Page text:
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Ahh hahah that is interesting because I was under the impression that I was the one being psychologically motivated b/c of my debt aversion, and that there must be a financial advantage in holding cash that I was missing. I suppose either way in the end it's not all that much money. Thanks for the clarification!

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54 minutes ago, Hanmari said:

Ahh hahah that is interesting because I was under the impression that I was the one being psychologically motivated b/c of my debt aversion, and that there must be a financial advantage in holding cash that I was missing. I suppose either way in the end it's not all that much money. Thanks for the clarification!

In the end ha, it is what works that matters :) The loss of interest on say at most 5K in the end is less important than the fact you figured out how to not spend 5K on unneeded stuff. 

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2 hours ago, Aconitase said:

Debt is a variable thing. I owed about 30k since I lived at ho e and my parents helped me. Most people I know owed nothing since parents helped them. Others owed 150k

I know maybe one person who lived with their parents in med school. Maybe 2. The rest of my class lived on their own. 

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I was over 150K after debt consolidation at the end of med school. I paid my own way with minimal assistance. 

Depending on where you live and circumstances you can hold your debt at about a constant level or chip away at it as a resident. Now as a staff it is MUCH easier to pay off. What I paid off in a year as a resident I could pay back in weeks as a staff. I think under regular circumstances most people can pay off med school debt in 1-2 years without much trouble if you live like a normal resident. Really has not been a burden. So unless you have debt well above the norm, interest rates go way up (they will - so be mindful over the decade) or have some special circumstance, don't stress too much about sub-200K med school debt.

Edited by rogerroger

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Percentage of students with no debt increases, but median medical school debt rises

The percentage of medical students graduating with no debt increased slightly from 13.7% in 2016 to 15.0% in 2017; however, for those students with debt, the median amount of debt increased from $80,000 in 2016 to $94,000 in 2017. Furthermore, the percentage of students graduating with debt exceeding $200,000 slightly increased from 9.9% in 2016 to 11.6% in 2017.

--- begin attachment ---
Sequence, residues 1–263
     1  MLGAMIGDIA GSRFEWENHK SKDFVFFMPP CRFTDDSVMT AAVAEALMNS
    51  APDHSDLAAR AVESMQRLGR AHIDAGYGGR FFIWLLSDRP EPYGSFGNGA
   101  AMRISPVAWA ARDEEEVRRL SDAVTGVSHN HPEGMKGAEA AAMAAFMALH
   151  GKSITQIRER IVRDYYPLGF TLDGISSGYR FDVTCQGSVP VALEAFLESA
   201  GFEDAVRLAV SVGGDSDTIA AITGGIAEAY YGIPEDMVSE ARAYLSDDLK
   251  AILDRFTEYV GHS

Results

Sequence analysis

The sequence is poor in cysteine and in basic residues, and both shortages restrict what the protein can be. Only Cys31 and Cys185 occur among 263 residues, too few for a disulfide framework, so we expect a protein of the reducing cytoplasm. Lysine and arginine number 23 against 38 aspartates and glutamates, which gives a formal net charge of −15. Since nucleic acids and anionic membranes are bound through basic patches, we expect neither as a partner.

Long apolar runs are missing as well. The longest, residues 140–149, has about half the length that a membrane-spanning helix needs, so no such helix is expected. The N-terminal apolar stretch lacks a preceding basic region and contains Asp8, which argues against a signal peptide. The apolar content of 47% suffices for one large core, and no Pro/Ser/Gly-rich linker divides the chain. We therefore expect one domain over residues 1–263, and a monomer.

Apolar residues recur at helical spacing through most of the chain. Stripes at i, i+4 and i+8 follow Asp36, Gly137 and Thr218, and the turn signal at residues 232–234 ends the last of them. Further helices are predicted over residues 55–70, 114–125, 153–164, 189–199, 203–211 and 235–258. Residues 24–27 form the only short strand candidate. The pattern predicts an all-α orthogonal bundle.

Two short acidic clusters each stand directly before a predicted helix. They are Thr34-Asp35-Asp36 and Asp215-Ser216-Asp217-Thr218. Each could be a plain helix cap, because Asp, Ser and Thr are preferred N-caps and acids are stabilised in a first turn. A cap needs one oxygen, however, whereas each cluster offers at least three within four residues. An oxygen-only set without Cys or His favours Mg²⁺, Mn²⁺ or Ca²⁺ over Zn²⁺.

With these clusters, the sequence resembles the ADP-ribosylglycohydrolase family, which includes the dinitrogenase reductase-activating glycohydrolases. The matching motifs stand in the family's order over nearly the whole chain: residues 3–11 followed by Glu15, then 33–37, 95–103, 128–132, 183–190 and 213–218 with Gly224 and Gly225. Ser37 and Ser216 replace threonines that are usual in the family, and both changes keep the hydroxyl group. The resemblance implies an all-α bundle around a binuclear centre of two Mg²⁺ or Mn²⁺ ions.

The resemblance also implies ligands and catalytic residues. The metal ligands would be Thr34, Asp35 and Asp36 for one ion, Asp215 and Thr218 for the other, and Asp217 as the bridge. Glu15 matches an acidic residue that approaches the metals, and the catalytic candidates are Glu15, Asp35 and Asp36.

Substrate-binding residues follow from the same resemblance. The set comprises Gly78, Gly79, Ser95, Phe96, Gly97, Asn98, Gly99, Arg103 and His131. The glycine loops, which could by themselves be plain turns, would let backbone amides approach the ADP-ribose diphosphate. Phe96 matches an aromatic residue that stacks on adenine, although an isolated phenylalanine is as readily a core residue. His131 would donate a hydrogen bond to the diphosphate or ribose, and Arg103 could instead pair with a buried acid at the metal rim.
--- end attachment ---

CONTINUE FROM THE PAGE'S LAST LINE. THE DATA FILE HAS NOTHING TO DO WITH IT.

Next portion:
918586761_ScreenShot2018-05-21at10_39_57AM.thumb.png.e9838467598fc67c37df22254a0276cf.png

 

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On 5/21/2018 at 10:40 AM, lmck said:

Percentage of students with no debt increases, but median medical school debt rises

The percentage of medical students graduating with no debt increased slightly from 13.7% in 2016 to 15.0% in 2017; however, for those students with debt, the median amount of debt increased from $80,000 in 2016 to $94,000 in 2017. Furthermore, the percentage of students graduating with debt exceeding $200,000 slightly increased from 9.9% in 2016 to 11.6% in 2017.

918586761_ScreenShot2018-05-21at10_39_57AM.thumb.png.e9838467598fc67c37df22254a0276cf.png

 

Always hard to take a snapshot and make sense of it - I am not surprised the debit load increased, it would interesting to see how that played out over say 5 years. 

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On 5/21/2018 at 10:40 AM, lmck said:

Percentage of students with no debt increases, but median medical school debt rises

The percentage of medical students graduating with no debt increased slightly from 13.7% in 2016 to 15.0% in 2017; however, for those students with debt, the median amount of debt increased from $80,000 in 2016 to $94,000 in 2017. Furthermore, the percentage of students graduating with debt exceeding $200,000 slightly increased from 9.9% in 2016 to 11.6% in 2017.

918586761_ScreenShot2018-05-21at10_39_57AM.thumb.png.e9838467598fc67c37df22254a0276cf.png

 

Just out of curiosity where is this data from? I'd be curious to know how accurate it is.

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19 minutes ago, GTA Scotiabank Med Advisor said:

Just out of curiosity where is this data from? I'd be curious to know how accurate it is.

The Association of Faculties of Medicine of Canada (AFMC) publishes the Graduation Questionnaire Report each year. They survey graduating Canadian medical students on their debt levels coming out of med school: 

https://afmc.ca/publications/graduation-questionnaire-national-report

I pulled the data from the 2017 report.

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On 5/22/2018 at 12:01 PM, rmorelan said:

Always hard to take a snapshot and make sense of it - I am not surprised the debit load increased, it would interesting to see how that played out over say 5 years. 

The AFMC 2018 Graduating Questionnaire just got released: 

Median medical school debt continues to increase

  • Once again, the reported median medical school debt increased from $94,000 in 2017 to $100,000 in 2018 as 40% of students are reporting a debt of $120,000 or greater. In comparison, 33.9% and 36.0% reported a debt of $120,000 or greater in 2016 and 2017, respectively.

1640686759_ScreenShot2018-09-13at8_31_54PM.thumb.png.e26c7d1ff28ddbc5e8896963bcb7dac3.png

https://afmc.ca/sites/default/files/2018 AFMC GQ_English.pdf

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hey thanks - going over it. 

19 minutes ago, la marzocco said:

The AFMC 2018 Graduating Questionnaire just got released: 

Median medical school debt continues to increase

  • Once again, the reported median medical school debt increased from $94,000 in 2017 to $100,000 in 2018 as 40% of students are reporting a debt of $120,000 or greater. In comparison, 33.9% and 36.0% reported a debt of $120,000 or greater in 2016 and 2017, respectively.

1640686759_ScreenShot2018-09-13at8_31_54PM.thumb.png.e26c7d1ff28ddbc5e8896963bcb7dac3.png

https://afmc.ca/sites/default/files/2018 AFMC GQ_English.pdf